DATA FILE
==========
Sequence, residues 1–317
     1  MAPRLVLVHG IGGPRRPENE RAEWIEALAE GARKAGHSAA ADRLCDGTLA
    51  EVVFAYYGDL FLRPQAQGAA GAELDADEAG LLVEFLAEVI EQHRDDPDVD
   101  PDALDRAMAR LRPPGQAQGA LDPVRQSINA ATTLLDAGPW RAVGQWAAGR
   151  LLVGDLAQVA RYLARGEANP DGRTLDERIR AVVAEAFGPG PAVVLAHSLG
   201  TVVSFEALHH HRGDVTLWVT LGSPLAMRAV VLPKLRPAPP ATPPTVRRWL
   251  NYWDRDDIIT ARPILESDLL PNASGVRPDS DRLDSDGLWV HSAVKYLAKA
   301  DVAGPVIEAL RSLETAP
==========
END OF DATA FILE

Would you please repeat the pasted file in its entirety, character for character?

Sequence, residues 1–317
     1  MAPRLVLVHG IGGPRRPENE RAEWIEALAE GARKAGHSAA ADRLCDGTLA
    51  EVVFAYYGDL FLRPQAQGAA GAELDADEAG LLVEFLAEVI EQHRDDPDVD
   101  PDALDRAMAR LRPPGQAQGA LDPVRQSINA ATTLLDAGPW RAVGQWAAGR
   151  LLVGDLAQVA RYLARGEANP DGRTLDERIR AVVAEAFGPG PAVVLAHSLG
   201  TVVSFEALHH HRGDVTLWVT LGSPLAMRAV VLPKLRPAPP ATPPTVRRWL
   251  NYWDRDDIIT ARPILESDLL PNASGVRPDS DRLDSDGLWV HSAVKYLAKA
   301  DVAGPVIEAL RSLETAP